mysticalchild_isis: (xena rawr)
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At my book club last night, we got off topic a bit (as we so often do), and one of the librarians who works in a high school was mentioning that she's been reading The Odyssey with a class. She was rather disturbed to find that all the girls disliked Penelope, and thought that she was useless, weak, and did nothing.

This led to a discussion about how it's unfortunate that a lot of girls only see Strong Female CharactersTM as having their own agency, and how very problematic that is.

Don't get me wrong; I love BAMFy women who kick ass (Buffy and Xena being two of my favorites), especially if the actress playing them is even halfway decent at martial arts. I savor a well-executed roundhouse kick like a glass of fine wine. However, too often, Xenafication stands in for actual character development... and makes it so that people like the girls mentioned above think that the only defining characteristic of a strong woman is her ability to kick ass. With a corollary of the fact that many people then think that if a woman is bad-ass, she must be strong, and don't see the problems (and sexism) that so often pop up in these types of characters.

I'm reminded of the version of Irene Adler that popped up in this season of Sherlock. I found her extremely problematic for a number of reasons. But because she was smart, beautiful, and had a certain amount of power (largely sexual) and control, the underlying issues were slightly masked. I'm not trying to dictate which characters one should or should not like, or identify with. We like who we like, and we see characters in different ways. But when there is a widespread epidemic of characters who on the surface seem strong, but underneath are teeming with poisonous ideas (you know, like "oh look, this woman's backstory is rape and torture porn, but since she is a BAMF, it is totally fine that her only character development is rape-as-backstory"), I feel like it is an issue that needs to be addressed and discussed.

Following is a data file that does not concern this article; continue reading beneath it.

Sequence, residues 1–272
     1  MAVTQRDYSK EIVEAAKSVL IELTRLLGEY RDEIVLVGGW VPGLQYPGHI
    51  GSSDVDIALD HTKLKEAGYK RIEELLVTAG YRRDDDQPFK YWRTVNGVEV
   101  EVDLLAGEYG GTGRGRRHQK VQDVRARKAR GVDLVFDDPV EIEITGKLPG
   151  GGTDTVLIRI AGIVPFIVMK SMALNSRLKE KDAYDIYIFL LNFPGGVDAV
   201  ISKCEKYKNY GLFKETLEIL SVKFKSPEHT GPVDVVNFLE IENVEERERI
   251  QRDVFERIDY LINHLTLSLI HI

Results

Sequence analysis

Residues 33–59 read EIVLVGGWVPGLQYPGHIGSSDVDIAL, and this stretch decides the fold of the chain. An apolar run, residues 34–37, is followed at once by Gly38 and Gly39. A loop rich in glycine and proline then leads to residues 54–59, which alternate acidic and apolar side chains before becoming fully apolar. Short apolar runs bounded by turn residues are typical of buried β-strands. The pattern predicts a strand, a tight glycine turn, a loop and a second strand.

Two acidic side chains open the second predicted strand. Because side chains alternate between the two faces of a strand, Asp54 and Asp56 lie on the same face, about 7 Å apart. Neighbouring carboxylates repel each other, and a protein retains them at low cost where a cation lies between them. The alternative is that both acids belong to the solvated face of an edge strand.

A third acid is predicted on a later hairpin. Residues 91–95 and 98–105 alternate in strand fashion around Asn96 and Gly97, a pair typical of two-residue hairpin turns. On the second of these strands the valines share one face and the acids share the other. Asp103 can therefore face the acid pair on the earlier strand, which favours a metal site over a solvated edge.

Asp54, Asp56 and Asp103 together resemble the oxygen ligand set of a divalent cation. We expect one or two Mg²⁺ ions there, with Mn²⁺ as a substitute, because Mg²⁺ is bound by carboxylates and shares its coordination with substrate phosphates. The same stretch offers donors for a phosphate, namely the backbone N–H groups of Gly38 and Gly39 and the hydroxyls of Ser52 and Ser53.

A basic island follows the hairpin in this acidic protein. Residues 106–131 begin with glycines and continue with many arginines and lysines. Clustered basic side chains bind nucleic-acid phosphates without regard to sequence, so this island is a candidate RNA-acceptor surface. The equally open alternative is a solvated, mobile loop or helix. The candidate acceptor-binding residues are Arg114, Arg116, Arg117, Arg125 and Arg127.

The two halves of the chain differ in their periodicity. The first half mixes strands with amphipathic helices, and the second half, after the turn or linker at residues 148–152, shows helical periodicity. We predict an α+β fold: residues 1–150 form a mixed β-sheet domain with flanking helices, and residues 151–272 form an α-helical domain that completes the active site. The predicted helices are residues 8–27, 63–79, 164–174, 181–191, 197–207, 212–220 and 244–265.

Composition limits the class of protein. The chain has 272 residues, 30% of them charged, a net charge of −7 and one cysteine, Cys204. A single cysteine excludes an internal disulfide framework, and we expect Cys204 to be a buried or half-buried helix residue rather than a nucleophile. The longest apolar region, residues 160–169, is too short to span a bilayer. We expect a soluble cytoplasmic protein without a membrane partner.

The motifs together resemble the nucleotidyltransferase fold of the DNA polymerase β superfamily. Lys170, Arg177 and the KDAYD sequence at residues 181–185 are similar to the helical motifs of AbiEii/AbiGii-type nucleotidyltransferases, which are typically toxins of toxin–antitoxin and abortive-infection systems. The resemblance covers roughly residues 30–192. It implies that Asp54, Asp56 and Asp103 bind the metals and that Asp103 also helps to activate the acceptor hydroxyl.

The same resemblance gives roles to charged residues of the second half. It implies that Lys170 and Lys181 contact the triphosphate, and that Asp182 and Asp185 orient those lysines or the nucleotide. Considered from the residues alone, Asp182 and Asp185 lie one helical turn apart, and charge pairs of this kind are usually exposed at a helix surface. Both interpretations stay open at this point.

Especially because characters who might not be able to swing a sword or shoot a gun are no longer seen as "strong", no matter how well-rounded they are or how much agency they have.

Date: 2012-03-17 10:21 pm (UTC)
From: [identity profile]
You know it's funny I usually DON'T like the kickass females as much, not because they're not "strong female characters" but because I really prefer characters that are intelligent and well developed as PEOPLE and I don't relate to the tank characters of either gender. My favorite female character from Sherlock wasn't Irene, it was Molly, and I've seen people argue that she's weak for liking Sherlock when he treats her awfully, etc. but she's more real to me than Irene was. In any case, Moffat is hardly the example to draw from if you're looking for well written female characters.

My biggest problem with most complaints of "not a strong female character" is that people think it means that female characters can't be flawed, instead of it being OKAY for them to be imperfect, like it's okay for the male characters to be. Being flawed and complex and interesting makes male characters attractive but female characters just... flawed.

I saw a post on Tumblr with a ton of reblogged complaints about how everyone should boycott Disney's Brave because even though the character was smart and resourceful she was still a princess and it went on and on. I actually got so pissed off I had to unfollow the blog to stop myself from answering it. I hate that there's this idea that in order for female characters to be better/stronger/whatever, they have to become more like men. You know who watches Disney movies like that? Little girls. You know what little girls like? Princesses. I know mine does, and it certainly hasn't been because of any conditioning on my part, she doesn't even own a Barbie. I hate that there's this polarization between "only girls can like frilly things" and "boys should be able to like frilly things but girls shouldn't because it's a harmful gender stereotype." AND I DON'T EVEN LIKE FRILLY THINGS.

Anyway, in short, yes. I agree with this post. A lot. And will stop talking now, for which you're welcome.


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